In a season which could be described by any number of terms: Maddening, frustrating, rocky, difficult, a battle, ups and downs, mind boggling or disappointing...well disappointing until last night, if you asked me a month ago, I would have told you the Tigers weren't going to make the playoffs.
However, the Tigers scrapped and clawed and fought their way to back-to-back Central Division titles.
The Tigers bats woke up enough to dodge some frustrating bullpen work and support a pitching staff, which overall has been very good this year. Of course, the White Sox assisted by taking a page out of the 2009 Tigers' book on how to lose a division title you have no business losing.
The Tigers will have the worse record of any division winner, so they will host the first two of the best-of-five series at home. Their opponent is yet to be determined.
The question now causing Tigers fans angst is which Tigers team is going to show up?
The one which has won seven of their last eight games, while getting big hits and great starting pitching? Or is it the team which managed to make guys with ERAs north of five look like CY Young candidates?
I believe it will be the former.
Perhaps I'm just setting myself up for disappointment, but here are three reasons why I think the Tigers will prove to be a considerable challenge to whoever they face in the playoffs.
The Tigers have perhaps the deepest and best rotation of all the playoff teams.
There is an above-average chance the Tigers' top three starters could give up zero to three runs combined over the first three games of a series. In a short series, the Tigers are especially scary to face.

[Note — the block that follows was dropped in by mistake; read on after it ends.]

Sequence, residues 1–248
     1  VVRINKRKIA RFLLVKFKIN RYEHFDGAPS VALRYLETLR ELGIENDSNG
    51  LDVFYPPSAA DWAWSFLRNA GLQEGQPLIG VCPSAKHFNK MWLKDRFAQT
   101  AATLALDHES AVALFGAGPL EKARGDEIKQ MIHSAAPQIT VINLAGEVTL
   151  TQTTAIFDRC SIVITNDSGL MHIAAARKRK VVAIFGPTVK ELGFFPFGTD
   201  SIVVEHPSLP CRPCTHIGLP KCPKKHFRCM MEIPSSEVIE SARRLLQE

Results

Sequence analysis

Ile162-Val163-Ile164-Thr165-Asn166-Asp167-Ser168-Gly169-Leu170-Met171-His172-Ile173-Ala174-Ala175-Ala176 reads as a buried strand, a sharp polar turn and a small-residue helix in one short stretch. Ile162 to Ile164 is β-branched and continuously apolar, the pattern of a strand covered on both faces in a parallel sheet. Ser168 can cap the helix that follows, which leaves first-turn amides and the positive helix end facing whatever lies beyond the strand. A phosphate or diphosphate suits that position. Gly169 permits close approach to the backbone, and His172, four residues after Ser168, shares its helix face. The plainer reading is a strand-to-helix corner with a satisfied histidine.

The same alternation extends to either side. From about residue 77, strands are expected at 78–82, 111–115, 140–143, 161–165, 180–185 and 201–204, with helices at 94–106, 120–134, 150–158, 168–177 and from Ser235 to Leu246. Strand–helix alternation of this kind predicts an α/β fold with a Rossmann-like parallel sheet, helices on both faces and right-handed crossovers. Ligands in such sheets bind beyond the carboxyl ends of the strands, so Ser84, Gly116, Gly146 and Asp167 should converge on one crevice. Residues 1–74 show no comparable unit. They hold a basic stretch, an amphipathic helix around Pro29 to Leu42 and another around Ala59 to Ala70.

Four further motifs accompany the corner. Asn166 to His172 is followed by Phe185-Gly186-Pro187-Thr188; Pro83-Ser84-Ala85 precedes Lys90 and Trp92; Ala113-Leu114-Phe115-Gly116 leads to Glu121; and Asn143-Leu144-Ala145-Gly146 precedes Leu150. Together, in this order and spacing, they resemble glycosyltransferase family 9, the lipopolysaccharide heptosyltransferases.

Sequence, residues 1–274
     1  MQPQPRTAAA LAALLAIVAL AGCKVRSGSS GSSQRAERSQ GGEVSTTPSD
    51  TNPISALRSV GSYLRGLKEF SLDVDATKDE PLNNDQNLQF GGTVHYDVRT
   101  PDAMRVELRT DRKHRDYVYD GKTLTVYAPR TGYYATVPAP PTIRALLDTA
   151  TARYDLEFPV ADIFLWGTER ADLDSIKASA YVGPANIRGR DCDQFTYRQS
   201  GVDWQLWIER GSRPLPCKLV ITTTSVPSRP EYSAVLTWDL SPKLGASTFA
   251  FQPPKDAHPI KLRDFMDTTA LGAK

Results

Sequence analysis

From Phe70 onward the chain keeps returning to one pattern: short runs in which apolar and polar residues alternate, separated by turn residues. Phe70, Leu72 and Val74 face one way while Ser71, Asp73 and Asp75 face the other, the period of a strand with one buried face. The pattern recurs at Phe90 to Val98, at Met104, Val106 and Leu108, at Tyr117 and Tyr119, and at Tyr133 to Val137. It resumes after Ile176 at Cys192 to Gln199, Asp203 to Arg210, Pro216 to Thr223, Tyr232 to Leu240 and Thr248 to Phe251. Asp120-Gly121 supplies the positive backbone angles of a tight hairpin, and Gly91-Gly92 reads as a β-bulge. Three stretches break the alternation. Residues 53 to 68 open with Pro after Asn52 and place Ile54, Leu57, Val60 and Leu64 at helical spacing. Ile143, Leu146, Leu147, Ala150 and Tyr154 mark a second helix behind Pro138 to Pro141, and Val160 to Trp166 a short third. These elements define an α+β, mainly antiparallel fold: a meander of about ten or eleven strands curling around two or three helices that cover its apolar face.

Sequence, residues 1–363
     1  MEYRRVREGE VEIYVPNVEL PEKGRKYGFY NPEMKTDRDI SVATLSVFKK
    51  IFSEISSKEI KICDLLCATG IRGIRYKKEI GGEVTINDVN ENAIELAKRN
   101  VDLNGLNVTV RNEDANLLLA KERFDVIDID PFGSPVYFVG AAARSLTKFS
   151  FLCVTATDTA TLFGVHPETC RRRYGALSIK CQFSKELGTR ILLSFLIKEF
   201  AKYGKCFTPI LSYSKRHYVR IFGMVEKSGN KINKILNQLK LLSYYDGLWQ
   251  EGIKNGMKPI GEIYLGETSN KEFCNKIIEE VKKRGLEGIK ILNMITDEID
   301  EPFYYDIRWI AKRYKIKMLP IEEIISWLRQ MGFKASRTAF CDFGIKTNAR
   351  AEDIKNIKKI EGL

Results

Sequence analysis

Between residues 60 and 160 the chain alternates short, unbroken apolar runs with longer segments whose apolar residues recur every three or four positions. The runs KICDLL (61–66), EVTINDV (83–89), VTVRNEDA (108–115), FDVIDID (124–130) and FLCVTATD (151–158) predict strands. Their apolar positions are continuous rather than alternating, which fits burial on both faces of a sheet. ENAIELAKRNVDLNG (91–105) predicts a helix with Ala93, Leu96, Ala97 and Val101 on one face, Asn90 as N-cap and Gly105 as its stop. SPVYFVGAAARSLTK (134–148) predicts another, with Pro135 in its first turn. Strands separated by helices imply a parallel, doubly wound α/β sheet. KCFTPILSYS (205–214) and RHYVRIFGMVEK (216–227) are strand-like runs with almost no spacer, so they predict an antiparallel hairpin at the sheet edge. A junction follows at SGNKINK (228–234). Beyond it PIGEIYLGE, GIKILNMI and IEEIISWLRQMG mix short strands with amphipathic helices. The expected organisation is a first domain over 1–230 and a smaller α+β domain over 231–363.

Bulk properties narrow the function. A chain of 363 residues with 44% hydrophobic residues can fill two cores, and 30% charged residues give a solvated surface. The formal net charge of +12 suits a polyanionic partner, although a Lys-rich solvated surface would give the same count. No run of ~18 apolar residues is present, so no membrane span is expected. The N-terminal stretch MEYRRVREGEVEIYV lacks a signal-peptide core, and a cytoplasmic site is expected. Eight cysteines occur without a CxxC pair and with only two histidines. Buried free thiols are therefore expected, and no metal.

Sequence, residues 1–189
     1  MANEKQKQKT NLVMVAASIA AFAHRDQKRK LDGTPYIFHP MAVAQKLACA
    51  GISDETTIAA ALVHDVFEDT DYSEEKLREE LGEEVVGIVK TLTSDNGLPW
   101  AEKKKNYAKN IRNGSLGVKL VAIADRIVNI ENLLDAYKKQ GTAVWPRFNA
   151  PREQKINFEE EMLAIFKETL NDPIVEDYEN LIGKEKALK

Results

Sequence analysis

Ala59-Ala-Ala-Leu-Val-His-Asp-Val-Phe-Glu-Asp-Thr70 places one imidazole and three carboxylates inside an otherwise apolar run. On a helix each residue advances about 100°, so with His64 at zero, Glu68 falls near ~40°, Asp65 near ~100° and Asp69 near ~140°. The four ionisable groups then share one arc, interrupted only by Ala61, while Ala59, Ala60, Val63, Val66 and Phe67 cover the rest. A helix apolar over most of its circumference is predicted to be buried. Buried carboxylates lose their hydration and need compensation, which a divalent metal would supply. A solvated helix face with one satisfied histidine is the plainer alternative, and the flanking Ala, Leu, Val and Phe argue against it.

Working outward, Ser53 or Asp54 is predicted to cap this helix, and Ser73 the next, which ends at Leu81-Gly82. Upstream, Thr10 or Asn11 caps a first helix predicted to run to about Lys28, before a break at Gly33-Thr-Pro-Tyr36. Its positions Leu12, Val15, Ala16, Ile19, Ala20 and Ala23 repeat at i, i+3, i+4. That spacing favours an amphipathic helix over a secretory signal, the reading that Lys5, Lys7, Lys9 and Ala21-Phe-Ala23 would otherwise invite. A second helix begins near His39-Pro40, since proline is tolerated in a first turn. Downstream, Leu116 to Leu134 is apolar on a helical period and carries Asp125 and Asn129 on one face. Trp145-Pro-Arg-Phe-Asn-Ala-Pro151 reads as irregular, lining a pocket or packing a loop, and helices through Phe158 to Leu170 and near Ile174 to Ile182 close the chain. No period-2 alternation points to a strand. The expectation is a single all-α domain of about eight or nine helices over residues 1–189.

First you have to face Justin Verlander, who may be the best right-handed starting pitcher in baseball.
Next you would have to face 'Mad Max' Scherzer (assuming his ankle injury heals in time for the playoffs to start) and then Doug Fister (who set an AL record with nine straight strike outs). Finally, Anibal Sanchez is the fourth starter before you get back to Verlander, and minus his first few starts, Sanchez has been very good.
In their last 10 starts (for each) the Tigers top four starters are a combined 18-10, with a 2.97 ERA, 59 walks and 251 strikeouts. When you look at the last three for each they are 6-3, with an ERA of 4.22 (a little misleading because of a bad Sanchez start and the injury to Scherzer), 77 strikeouts against 14 walks and a ridiculously low WHIP of 1.03.
This is a team who maintains an even keel.
Part of this comes from their manager, Jim Leyland, and part comes from a team who has been to the postseason before. The Tigers believe in themselves, and they believe in the talent they have on their roster.
The Tigers have veteran starters, veteran relievers and veteran hitters. The ability the Tigers show to leave a bad game behind will serve them well in the playoffs.
Miguel Cabrera, Prince Fielder and Justin Verlander
The Tigers have superstars, and those superstars will help carry them.
Miguel Cabrera has been on a tear as of late, all but guaranteeing himself the triple crown (first time since 1967).
Prince Fielder has been somewhat under the radar, but is hitting over .310 and is still able to drive runs in with the best of them.
The Tigers are the only team in Major League Baseball to have two players in the top-10 in RBIs— Cabrera and Fielder have the second-most combined home runs in MLB as well.
There are very few pitchers in baseball who are more feared then Verlander.
He is able to maintain a consistency which is unrivaled. Too often its easy to overlook how good he is, because his win total is down. However, it would be a mistake to think Verlander is less dangerous than he was a year ago. Verlander, once again, is in the top-five in all of baseball in ERA, WHIP, strikeouts, innings pitched, complete games and opponents batting average.
I think the Tigers have an excellent chance to reach the ALCS for a second consecutive year.
Hopefully this time they will have the pitching and hitting to reach the World Series for the first time since 2006.